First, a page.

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Botprize and Unreal Tournament 2004 Research

From 2008 to 2012 the Botprize competition has posed a challenge to bot designers: Can you make a bot that will fool a human into thinking it is human? The competition was essentially a Turing Test for bots: Given matches containing both human players and judges, will the judges think the bots are humans?

Unreal Tournament 2004 is a popular commercial first-person shooter video game played online by humans. However, the game also features computer controlled bots for humans to fight. Players participate in deathmatches, in which they collect weapons and attempt to kill each other to maximize their scores. The game involves exploration of complex 3D levels to find items and enemies, chaotic combat against multiple opponents, and reasoning about the best strategy at any given point in the game. It is hard enough for bots to perform well in this environment, but even more difficult for them to look like they are controlled by humans. The most recent version of the competition is actually a judging game in which all players, including bots, can use an in-game gun to judge opponents as bots or humans.

In the 2012 competition, our bot UT^2 passed the 50% humanness threshold to win the grand prize! Earlier that same year, we also won the Human-like Bot Competition, which is essentially the same competition, but under a different name.

Since BotPrize, I and my students have conducted further research in the game Unreal Tournament 2004.

Associated Software

Associated Movies

Associated Publications

Peer-Reviewed Conference Publications

Invited Book Chapters/Articles

Extended Abstracts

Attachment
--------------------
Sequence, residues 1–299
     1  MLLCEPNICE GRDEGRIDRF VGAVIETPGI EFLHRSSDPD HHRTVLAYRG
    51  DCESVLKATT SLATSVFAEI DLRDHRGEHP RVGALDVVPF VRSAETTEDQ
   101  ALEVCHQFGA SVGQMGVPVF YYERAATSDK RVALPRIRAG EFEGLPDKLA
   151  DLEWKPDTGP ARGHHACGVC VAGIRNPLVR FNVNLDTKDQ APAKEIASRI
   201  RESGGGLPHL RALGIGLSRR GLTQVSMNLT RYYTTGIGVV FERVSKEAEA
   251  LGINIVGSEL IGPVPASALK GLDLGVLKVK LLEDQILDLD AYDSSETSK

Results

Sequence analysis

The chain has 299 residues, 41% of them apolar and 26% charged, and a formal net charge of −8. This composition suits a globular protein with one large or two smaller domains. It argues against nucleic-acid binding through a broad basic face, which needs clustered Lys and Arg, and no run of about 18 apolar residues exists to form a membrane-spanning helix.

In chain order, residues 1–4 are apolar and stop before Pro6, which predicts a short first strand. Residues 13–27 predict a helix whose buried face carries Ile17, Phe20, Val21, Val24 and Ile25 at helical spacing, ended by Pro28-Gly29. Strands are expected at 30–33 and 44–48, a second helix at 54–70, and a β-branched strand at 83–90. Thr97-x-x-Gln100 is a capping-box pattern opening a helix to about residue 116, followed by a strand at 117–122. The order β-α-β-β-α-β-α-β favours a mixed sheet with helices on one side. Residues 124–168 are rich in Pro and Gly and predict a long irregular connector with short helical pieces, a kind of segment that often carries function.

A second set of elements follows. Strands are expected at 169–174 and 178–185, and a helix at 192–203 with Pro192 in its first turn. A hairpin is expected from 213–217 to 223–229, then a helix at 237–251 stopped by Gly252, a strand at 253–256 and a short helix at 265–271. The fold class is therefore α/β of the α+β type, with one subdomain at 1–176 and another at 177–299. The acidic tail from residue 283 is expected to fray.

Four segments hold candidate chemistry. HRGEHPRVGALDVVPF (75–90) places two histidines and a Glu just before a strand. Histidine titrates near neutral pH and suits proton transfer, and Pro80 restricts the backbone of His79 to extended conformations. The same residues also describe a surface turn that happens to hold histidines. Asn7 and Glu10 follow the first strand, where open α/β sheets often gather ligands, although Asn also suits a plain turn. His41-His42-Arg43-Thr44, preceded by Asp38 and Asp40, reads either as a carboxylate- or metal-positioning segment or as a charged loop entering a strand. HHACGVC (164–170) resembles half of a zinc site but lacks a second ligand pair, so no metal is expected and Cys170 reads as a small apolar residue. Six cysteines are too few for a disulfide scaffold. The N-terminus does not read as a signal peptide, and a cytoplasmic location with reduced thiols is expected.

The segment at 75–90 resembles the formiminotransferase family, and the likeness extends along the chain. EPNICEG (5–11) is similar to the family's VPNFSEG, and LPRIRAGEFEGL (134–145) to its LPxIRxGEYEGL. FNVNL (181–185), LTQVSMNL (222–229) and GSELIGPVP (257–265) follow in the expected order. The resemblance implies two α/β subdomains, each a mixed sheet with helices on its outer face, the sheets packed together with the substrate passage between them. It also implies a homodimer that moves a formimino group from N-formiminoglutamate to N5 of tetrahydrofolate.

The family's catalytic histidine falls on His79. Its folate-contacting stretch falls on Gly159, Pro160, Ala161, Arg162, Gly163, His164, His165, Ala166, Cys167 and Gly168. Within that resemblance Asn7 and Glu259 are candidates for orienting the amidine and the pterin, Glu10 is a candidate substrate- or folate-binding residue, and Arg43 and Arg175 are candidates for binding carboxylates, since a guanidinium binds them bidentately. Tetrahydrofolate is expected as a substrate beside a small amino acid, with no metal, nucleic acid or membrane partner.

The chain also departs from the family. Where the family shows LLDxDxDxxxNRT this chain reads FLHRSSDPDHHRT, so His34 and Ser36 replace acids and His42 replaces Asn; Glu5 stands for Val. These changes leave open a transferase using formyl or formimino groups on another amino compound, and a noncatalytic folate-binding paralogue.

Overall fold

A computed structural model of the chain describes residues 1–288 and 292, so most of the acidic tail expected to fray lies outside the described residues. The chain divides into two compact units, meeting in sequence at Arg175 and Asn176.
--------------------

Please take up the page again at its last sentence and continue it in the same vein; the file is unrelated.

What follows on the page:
Undergraduate Poster Presentations Supervised

Miscellaneous Content

  • Summer 2020: Former SCOPE student Adina Friedman and I are both quoted in this article about AI companions: An Ode to AI Sidekicks
  • Spring 2019: Desirable Behaviors for Companion Bots in First-Person Shooters, presentation by Adina Friedman at the Southwestern University Undergraduate Research & Creative Works Symposium
  • Summer 2018: Neuroevolution in Video Games: "Mad Science Monday" presentation made by my SCOPE Summer research students to present to other SCOPE students
  • Spring 2015: BotPrize 2012 Champion: A Human-like Bot for Unreal Tournament: A poster included as part of a demo presented at the AI Open House of the Twenty-Ninth Conference of the Association for the Advancement of Artificial Intelligence.
  • Fall 2012: New Scientist Article About Our Victory in Botprize 2012.
  • Fall 2012: BBC Article About Our Victory in Botprize 2012.
  • Fall 2012: Slashdot Article About Our Victory in Botprize 2012.
  • Summer 2012: The UT^2 Game Bot Judged More Human Than Humans. A UTCS news post about our victory in the WCCI 2012 Humanlike Bots Competition.
  • Summer 2012: UT^2: Human-like Behavior via Neuroevolution of Combat Behavior and Replay of Human Traces slides from the WCCI 2012 Humanlike Bots Competition.
  • Fall 2011: BEACON Researchers at Work Blog Post about my research.
  • Spring 2011: Botprize 2010 Competition: Revised/Improved Slides About Our 2nd Place UT^2 Bot presented to Student ACM Chapter at Southwestern University
  • Fall 2010: Botprize 2010 Competition: Slides About Our 2nd Place UT^2 Bot presented at DeVry University in Austin, TX

  • Last Updated: 5/28/2019